3.2. Analysis of Time-Kill Kinetics
The bactericidal effect of the extracts in combination with vancomycin against MRSA strains was confirmed by time-kill curve experiments. The methanol extract and acetone extracts resulted in a rate of killing at 7 hr and 7.4 hr, respectively, in combination with vancomycin against ATCC 33591 compared with 8 hr by vancomycin alone (Figures 1(a) and 1(b)). This suggests that the combination treatments exerted a stronger bactericidal effect although the difference was not significant.
On the other hand, as far as MU 9495 strain was concerned, the synergistic effect of the combination treatment did not display a more rapid killing at 22 hr, compared to vancomycin alone, at 7.2 hr (Figures 2(a) and 2(b)). The time-kill curves also showed that the interaction of all combination of extracts with vancomycin were additive against both MRSA strains.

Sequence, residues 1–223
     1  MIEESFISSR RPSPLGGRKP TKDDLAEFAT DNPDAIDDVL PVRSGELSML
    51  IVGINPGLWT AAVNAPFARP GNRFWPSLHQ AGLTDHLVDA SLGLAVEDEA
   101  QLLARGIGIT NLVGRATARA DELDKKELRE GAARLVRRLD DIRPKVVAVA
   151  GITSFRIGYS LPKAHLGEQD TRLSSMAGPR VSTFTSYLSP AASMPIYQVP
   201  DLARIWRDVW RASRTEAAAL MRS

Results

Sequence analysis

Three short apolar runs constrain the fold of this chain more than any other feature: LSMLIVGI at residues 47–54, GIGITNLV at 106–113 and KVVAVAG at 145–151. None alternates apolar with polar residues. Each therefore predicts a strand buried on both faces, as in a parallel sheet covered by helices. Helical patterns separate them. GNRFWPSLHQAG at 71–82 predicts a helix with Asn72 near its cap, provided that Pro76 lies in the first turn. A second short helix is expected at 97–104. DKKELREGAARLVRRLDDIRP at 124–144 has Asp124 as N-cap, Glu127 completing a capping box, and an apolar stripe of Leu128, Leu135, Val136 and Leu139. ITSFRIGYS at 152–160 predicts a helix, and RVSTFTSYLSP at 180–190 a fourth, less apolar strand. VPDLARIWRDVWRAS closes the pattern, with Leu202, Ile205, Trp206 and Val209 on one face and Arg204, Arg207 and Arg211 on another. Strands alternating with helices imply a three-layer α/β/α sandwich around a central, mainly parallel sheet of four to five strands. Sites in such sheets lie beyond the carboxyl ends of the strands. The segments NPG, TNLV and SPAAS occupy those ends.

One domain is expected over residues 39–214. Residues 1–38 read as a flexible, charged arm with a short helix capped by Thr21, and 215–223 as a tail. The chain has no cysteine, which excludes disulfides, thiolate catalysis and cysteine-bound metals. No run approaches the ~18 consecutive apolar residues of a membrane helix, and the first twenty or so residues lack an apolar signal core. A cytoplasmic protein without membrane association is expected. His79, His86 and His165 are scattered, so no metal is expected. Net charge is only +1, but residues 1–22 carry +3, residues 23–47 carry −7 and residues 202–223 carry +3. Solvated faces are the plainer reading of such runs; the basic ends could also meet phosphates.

Nowadays, natural plant and its derivatives are developed as pharmaceutical agents for the treatment of various infections [11, 27]. Synergistic interaction between plant extracts and antibiotics against infectious disease had been reported [19, 20]. Previous research  employed well-diffusion method to assess synergism between antimicrobial agents with plant extracts based on enlargement of combined inhibition zone size exceeding 5 mm. However, the checkerboard microdilution technique and time-kill assay were used in the present study to evaluate the antimicrobial effect of antibiotic used in combination with crude plant extracts because they provide detailed information on the type of interaction as well as their bactericidal activity . Checkerboard assay was used to measure the inhibition activity while time-kill study was used to assess bactericidal activity which were dependent on time instead of being concentration dependent .